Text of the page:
News / Asia

    New Radiation Hot Spots Found at Japanese Nuclear Plant

    An aerial view shows workers wearing protective suits and masks working atop contaminated water storage tanks at Tokyo Electric Power Co. (TEPCO)'s tsunami-crippled Fukushima Daiichi nuclear power plant in Fukushima, August 20, 2013.
    An aerial view shows workers wearing protective suits and masks working atop contaminated water storage tanks at Tokyo Electric Power Co. (TEPCO)'s tsunami-crippled Fukushima Daiichi nuclear power plant in Fukushima, August 20, 2013.
    Reuters
    The operator of Japan's crippled Fukushima nuclear plant said on Thursday new spots of high radiation had been found near storage tanks holding highly contaminated water, raising fear of fresh leaks as the disaster goes from bad to worse.
     
    The announcement comes after Tokyo Electric Power Co (Tepco) said this week contaminated water with dangerously high levels of radiation was leaking from a storage tank.
     
    A tsunami crashed into the Fukushima Daiichi power plant north of Tokyo on March 11, 2011, causing fuel-rod meltdowns at three reactors, radioactive contamination of air, sea and food and triggering the evacuation of 160,000 people.
     
    It was the world's worst nuclear accident since Chernobyl in 1986 and no one seems to know how to bring the crisis to an end.
     
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    In an inspection carried out following the revelation of the leakage, high radiation readings - 100 millisieverts per hour and 70 millisieverts per hour - were recorded at the bottom of two tanks in a different part of the plant, Tepco said.
     
    Although no puddles were found nearby and there were no noticeable changes in water levels in the tanks, the possibility of stored water having leaked out cannot be ruled out, a Tokyo Electric spokesman said.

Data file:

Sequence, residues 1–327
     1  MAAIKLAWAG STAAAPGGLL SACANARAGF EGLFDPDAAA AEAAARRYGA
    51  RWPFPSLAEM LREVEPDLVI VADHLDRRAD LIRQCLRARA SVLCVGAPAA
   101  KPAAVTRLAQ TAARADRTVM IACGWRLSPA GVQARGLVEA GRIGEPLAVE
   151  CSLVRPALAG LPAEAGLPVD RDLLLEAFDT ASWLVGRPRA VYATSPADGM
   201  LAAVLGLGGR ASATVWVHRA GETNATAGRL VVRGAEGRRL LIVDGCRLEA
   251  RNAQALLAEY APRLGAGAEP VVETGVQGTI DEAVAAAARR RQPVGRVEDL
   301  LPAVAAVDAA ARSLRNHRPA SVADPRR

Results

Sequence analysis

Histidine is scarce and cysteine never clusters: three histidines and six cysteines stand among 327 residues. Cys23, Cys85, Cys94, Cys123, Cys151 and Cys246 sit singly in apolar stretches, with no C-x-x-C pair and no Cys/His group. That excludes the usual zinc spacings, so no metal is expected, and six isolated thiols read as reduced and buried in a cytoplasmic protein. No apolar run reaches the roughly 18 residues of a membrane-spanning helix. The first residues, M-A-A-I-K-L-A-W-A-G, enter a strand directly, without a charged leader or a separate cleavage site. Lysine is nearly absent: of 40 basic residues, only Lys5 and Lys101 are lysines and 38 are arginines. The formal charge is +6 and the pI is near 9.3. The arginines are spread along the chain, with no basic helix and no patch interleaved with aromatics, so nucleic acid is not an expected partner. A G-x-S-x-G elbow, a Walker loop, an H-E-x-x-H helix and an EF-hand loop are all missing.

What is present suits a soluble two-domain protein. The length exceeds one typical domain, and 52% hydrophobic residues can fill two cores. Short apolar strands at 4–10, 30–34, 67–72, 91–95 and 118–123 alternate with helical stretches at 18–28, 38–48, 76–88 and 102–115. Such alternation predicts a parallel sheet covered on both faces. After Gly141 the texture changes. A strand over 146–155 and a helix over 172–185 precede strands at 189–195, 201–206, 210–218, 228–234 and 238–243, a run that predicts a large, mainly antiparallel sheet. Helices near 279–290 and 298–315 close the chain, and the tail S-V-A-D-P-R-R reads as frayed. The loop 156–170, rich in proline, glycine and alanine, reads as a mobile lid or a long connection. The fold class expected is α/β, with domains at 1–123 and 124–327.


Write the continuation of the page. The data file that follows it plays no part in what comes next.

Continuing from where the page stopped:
The confirmed leakage prompted Japan's nuclear watchdog to say it feared the disaster was “in some respect” beyond Tepco's ability to cope.
     
    The U.N.'s International Atomic Energy Agency (IAEA) said on Wednesday it viewed the situation at Fukushima “seriously” and was ready to help if called upon.
     
    China said it was “shocked” to hear contaminated water was still leaking from the plant, and urged Japan to provide information “in a timely, thorough and accurate way”.

    Photo Gallery: Japan Marks Tsunami Anniversary

    • People bow their heads in a moment of silence around what is left of a disaster control center devastated by the March 11, 2011 earthquake and tsunami, Minamisanriku, Miyagi prefecture, Japan, March 11, 2013.
    • Japanese Prime Minister Shinzo Abe bows to Emperor Akihito and Empress Michiko during the national memorial service for the victims of the March 11, 2011, earthquake and tsunami in Tokyo, March 11, 2013.
    • Japanese Emperor Akihito and Empress Michiko leave the national memorial service for the victims of the March 11, 2011 earthquake and tsunami in Tokyo, March 11, 2013.
    • People observe a moment of silence for the victims of the March 11, 2011 earthquake and tsunami during an event at a park in Tokyo, March 11, 2013.
    • A local resident and a dog walk near a ship brought ashore by the March 11, 2011 tsunami and earthquake in Kesennuma, Miyagi Prefecture, Japan, March 11, 2013.
    • The Netherlands (top) and Cuban baseball teams offer a silent tribute to victims of March 11, 2011 earthquake and tsunam, before their World Baseball Classic (WBC) second round game in Tokyo, March 11, 2013.
    • Buddhist monks chant sutras in front of the main entrance of Okawa Elementary School where 74 of the 108 students went missing after the March 11, 2011 tsunami in Ishinomaki, Miyagi prefecture, Japan, March 11, 2013.
    • Police officers search for the remains of those who went missing in the March 11, 2011 tsunami on the coastline in Ishinomaki, Miyagi Prefecture, northern Japan, March 11, 2013.
    • A visitor lights a candle to remember the victims of the March 11, 2011 tsunami and earthquake, in Tokyo, March 10, 2013.

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